• Valerie McGowen
      Valerie McGowen says:

      Well said, David. Progress is being made, albeit slowly, but it is coming. Thank you so much for loving mine.

  2. Judy Lorenz
    Judy Lorenz says:

    It is stunning to me when I hear these stories. It was like I was in a bubble growing up with the mentality that homosexuals existed… but barely; what they did was wrong but something I had no need to concern myself with. When the LGBT rights movement got going I was totally ignorant of why it was necessary and really had no compassion for the cause. I wasn’t hearing these horrible stories either or was I… and not responding? History has a way of pointing out the sad reality of what was vs what is – for better and for worse. I’m glad I am on the positive sign of history at this point in my life and I apologize to the LGBT Community for past judgments.

  3. Lydia Lombardo
    Lydia Lombardo says:

    How disappointed Our Lord must have been at the flagrant injustices manifested by the community after the fire. Thank God the Archbishop apologized and the son of the mayor….but it took 40 years. Only when the Catholic Church, like the New Orleans Archbishop, continues to apologize for the hurt it has caused so many people, will I stop thinking of leaving forever the church of my birth. I can’t bear to hear about all the sins everybody is “committing” any more. I need to hear ONLY about God’s Love for a good long time.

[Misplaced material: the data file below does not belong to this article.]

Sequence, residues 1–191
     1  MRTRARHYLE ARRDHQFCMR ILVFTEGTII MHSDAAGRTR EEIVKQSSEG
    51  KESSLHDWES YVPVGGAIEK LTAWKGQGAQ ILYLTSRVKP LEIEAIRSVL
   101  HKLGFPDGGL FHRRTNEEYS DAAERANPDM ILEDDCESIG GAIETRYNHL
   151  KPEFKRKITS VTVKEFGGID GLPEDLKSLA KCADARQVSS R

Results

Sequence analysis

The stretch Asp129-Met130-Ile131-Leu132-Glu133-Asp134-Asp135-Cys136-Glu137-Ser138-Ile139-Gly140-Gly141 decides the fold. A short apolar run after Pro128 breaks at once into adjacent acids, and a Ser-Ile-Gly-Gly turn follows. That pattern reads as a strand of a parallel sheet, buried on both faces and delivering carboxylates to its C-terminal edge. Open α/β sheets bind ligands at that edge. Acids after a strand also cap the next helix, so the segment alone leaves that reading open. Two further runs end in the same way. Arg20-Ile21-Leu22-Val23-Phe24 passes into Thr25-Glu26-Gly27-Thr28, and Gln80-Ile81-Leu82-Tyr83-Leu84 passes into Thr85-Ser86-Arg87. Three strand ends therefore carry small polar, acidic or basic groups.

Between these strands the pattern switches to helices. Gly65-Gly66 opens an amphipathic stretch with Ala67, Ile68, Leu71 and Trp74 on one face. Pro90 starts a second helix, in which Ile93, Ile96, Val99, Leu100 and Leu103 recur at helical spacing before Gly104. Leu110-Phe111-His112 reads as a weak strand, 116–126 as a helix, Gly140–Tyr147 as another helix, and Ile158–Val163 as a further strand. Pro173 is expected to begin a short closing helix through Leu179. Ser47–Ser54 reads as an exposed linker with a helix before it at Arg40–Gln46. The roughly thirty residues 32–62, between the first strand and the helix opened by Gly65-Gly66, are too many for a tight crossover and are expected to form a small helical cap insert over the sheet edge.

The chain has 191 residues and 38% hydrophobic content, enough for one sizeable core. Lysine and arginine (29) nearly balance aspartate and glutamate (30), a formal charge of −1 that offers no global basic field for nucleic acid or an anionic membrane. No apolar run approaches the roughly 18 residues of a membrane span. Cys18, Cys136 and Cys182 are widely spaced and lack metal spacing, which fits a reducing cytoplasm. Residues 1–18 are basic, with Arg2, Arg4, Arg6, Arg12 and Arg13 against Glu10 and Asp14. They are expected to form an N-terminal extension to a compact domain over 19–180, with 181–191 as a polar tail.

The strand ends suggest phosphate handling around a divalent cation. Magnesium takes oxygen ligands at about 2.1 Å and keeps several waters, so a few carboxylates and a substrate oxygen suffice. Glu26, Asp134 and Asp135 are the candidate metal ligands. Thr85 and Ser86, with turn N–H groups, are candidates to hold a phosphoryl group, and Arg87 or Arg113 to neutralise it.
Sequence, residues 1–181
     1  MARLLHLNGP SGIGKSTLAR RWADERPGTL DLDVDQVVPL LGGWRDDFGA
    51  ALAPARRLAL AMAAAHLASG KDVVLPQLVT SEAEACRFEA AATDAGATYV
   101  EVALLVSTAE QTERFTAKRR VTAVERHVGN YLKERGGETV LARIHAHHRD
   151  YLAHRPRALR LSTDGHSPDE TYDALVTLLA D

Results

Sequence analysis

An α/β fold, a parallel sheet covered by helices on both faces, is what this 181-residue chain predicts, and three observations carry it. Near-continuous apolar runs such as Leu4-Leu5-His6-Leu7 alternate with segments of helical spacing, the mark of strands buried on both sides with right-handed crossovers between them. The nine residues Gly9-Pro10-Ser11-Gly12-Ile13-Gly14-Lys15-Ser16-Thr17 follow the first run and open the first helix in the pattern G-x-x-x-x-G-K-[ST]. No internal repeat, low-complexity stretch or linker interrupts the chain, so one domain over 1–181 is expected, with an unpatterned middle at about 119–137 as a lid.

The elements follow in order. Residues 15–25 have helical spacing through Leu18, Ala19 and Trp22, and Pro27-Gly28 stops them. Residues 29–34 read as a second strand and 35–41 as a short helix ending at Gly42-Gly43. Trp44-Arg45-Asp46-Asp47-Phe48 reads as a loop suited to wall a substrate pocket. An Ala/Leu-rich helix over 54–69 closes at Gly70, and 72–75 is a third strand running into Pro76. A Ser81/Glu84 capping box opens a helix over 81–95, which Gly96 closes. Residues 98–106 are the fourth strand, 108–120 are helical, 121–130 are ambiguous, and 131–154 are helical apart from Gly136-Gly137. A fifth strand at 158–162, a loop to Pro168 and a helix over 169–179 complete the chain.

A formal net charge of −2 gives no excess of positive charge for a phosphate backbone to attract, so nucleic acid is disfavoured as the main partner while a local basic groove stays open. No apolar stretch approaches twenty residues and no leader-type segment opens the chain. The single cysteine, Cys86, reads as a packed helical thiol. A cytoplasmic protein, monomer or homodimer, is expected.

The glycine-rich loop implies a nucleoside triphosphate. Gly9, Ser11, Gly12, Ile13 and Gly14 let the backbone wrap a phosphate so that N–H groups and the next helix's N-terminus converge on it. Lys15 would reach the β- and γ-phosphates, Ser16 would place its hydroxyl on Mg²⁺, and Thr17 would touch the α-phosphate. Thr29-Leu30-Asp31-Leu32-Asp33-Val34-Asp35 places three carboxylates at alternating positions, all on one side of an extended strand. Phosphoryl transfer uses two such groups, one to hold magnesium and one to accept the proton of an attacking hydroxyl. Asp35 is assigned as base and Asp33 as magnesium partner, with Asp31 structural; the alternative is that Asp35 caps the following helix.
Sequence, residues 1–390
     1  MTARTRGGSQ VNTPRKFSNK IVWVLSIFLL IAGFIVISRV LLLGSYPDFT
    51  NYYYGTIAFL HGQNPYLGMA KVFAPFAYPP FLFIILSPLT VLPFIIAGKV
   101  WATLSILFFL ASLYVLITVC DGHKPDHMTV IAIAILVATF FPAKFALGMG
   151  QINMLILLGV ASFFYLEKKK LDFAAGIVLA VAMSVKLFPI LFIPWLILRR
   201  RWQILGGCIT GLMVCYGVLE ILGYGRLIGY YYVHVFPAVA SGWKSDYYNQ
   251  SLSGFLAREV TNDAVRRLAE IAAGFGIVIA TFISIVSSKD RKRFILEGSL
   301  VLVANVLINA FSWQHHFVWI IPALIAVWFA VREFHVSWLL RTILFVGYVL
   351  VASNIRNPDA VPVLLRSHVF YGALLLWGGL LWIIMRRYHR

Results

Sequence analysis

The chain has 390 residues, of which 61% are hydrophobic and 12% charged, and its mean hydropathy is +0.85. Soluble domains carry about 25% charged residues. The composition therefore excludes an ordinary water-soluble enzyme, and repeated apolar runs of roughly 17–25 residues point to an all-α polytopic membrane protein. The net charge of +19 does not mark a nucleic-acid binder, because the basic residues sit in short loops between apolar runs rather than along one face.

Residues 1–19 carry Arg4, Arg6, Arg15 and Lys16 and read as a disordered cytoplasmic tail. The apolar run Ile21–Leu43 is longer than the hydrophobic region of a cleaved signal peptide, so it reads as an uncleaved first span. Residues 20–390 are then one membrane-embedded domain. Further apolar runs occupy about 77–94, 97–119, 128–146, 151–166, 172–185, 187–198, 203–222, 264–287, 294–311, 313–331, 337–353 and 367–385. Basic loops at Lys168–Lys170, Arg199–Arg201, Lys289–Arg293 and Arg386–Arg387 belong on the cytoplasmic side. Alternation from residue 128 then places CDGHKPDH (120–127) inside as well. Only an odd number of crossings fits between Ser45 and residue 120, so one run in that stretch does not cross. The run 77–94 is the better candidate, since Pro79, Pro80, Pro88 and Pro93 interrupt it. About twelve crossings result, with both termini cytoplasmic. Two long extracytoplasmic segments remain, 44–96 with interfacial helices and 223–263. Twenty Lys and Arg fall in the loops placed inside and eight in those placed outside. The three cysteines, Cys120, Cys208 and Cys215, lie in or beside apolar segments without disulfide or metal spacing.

4. hydrochloriawk
    hydrochloriawk says:

    Sorry, I’m not really impressed. ” If we did not extend our care and condolences, I deeply apologize.” IF we did not extend our care and condolences? The record shows you did not. This is like saying “I’m sorry if you’re hurt”. When people apologize for grave wrongs vaguely and don’t mention explicitly what they did wrong and firmly denounce it, I stand sort of unconvinced of their contrition. I’m sure I’m being overly judgmental, but this apology is not nearly enough.

    • Barbara Blough
      Barbara Blough says:

      I’m with you, hydrochloriawk. I have to say, “IF”? “IF”? He said it TWICE. “IF”!!!! I don’t really think of these kinds of statements as true and proper apologies. There is NO “IF”! It is a FACT that no one addressed the event at all at the tome. No one in the Catholic Church offered a venue for a memorial service. There is no “IF”!

  5. ChrisMorley
    ChrisMorley says:

    Francis, I really don’t think the Archbishop’s “short statement … speaks volumes about how far the Catholic Church–and the greater society–has come in the past 40 years with regard to LGBT issues.”

    Two things: a key fact you (and the Daily Mail) seem unaware of is that the Archdiocese appears to have issued strict instructions to all its parishes to provide no funeral services in its Churches, nor to bury the Catholic dead. The Archbishop’s ‘apology’ completely ignores this dire neglect of the dead, their family and friends in the aftermath of an appalling tragedy.
    Secondly, as hydrochloriawk and Barbara Blough have also noted above, his ‘apology’ was entirely conditional and not, to my mind, a true and proper apology at all. These words would not be adequate for Confession and absolution I think.
    I posted a detailed comment on it at

    and Bill responded to that comment with his own post:


Trackbacks & Pingbacks

  1. […] to LGBT communities. In 2013, he announced a new outreach initiative in the archdiocese, and apologized to the LGBT community for the Church’s silence in 1973 when 32 people were killed and dozens wounded in an arson fire […]

  2. […] of respecting people is respecting their freedom.’ “ In June, Aymond apologized to the LGBT community for the Church’s silence in 1973 after 32 people were killed and dozens wounded in an arson […]